Investing.com | Oct 07, 2019 09:52
The good news for oil bulls is that there’s a good chance for the market to rebound each time it approaches the $50 per barrel support.
The bad news is there aren’t any events in the immediate term that could spur the market to build on from those rebounds. The next OPEC meeting, for Saudi Arabia and its ally Russia to try and psyche the market up for a new round of cuts, or higher prices, isn’t until December.
And unless another supply shock on the scale of the September Saudi oil attack takes place, there is little reason to fear a crude shortage. On the contrary, the world is virtually swimming in oil—if some market pessimists are to be believed—a hypothesis that supports lower prices, rather than higher ones.
If that isn’t enough, there are perpetual fears of a global slowdown, emanating from the belief that any U.S.-China attempt to reach a trade deal may be doomed. With negotiations between the two sides resuming in Washington this week, reports that China may be slightly hardening its stance jarred with encouraging words by U.S. President Donald Trump and White House economic adviser Larry Kudlow on Friday—and we’ve heard those before.
Dominick Chirichella, director of risk and trading at New York’s Energy Management Institute, summed it up appropriately:
“The rapid return to full production in Saudi Arabia has moved market participants’ focus back to the potential for a slowdown of the global economy and, thus, a slowing in global oil demand growth.”
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Chirichella said Friday’s rebound—where crude prices steadied on the day but fell 6% on the week, resulting in Brent’s worst week since mid-July—was more pre-weekend short-covering than a structural change in the complex.
“Crude oil is now trading below the pre-(Saudi) attack level, while refined products are slightly above.”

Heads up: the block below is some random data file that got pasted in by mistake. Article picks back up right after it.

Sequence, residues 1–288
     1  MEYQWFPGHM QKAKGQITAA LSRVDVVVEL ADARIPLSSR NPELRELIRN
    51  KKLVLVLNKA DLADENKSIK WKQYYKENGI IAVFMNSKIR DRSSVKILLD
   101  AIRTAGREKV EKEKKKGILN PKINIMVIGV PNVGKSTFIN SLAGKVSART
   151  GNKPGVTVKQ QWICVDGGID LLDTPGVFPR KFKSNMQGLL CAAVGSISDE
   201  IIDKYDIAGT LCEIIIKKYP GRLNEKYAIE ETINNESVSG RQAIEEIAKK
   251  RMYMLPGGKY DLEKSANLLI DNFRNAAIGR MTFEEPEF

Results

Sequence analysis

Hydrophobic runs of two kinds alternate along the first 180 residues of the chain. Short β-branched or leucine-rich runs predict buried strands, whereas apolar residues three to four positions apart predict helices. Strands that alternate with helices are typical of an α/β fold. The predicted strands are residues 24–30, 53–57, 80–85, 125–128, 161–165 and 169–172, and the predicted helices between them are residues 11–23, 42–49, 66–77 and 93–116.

“The main winner to date is the refining sector, which has seen a strong uplift in refinery crack spreads, and the strong premium in retail gasoline prices over the pre-attack level.”
U.S. West Texas Intermediate crude settled at $52.81 per barrel on Friday after coming less than 5 cents of breaking below $52. If that support is taken out, a descent toward $51 is likely, before a final push for under $50.
Under current market conditions, WTI at below $50 doesn’t appear sustainable yet, even if there’s another huge weekly build in crude stockpiles reported by the U.S. Energy Information Administration. So a range between $51.80 and $53.80 is likely this week.
U.K. Brent oil settled at $58.37 on Friday. Similarly, it could trade in a $2 range, at between $57.50 and $59.50.
In gold’s case, hints by Federal Reserve Chairman Jay Powell that he might want to cut rates again to stop inflation from slipping too low might keep the yellow metal firmly above the $1,500 per ounce support.
U.S. gold futures for December delivery settled down 90 cents, or 0.1%, at $1,506.20 per ounce after the Labor Department reported nonfarm payrolls growth of 136,000 in September: below the 140, 000 estimate but enough to help lower the domestic unemployment rate to a 50-year low.
Since hitting a two-month low of $1,465 in Tuesday’s intraday trade, gold futures have gained more than $41, or nearly 3%.
Fawad Razaqzada, analyst at FOREX.com, said:
“Gold (is) continuing to shine brightly in these turbulent times due, among other things, to higher demand for haven assets,”
“Also supporting the precious metal is a falling U.S. dollar and rising bond prices—or put in another way, falling yields—as this is boosting the appeal of non interest-bearing assets like gold and silver.”
Powell said on Friday that the Fed was examining strategies that might help it to symmetrically and sustainably achieve 2% inflation.
On Friday, the odds of a rate cut in October slipped to 78% from 87% a day earlier, according to Investing.com's Fed Rate Monitor Tool—though they re-gained some ground, to 80.2%, by Monday's European morning session.
So far this year, the Fed has conducted two quarter point rate cuts, back-to-back in July and September, to try and preserve the U.S. economy' record decade-long growth. The Fed meets Oct 28-29 to consider a third rate cut.
Written By: Investing.com
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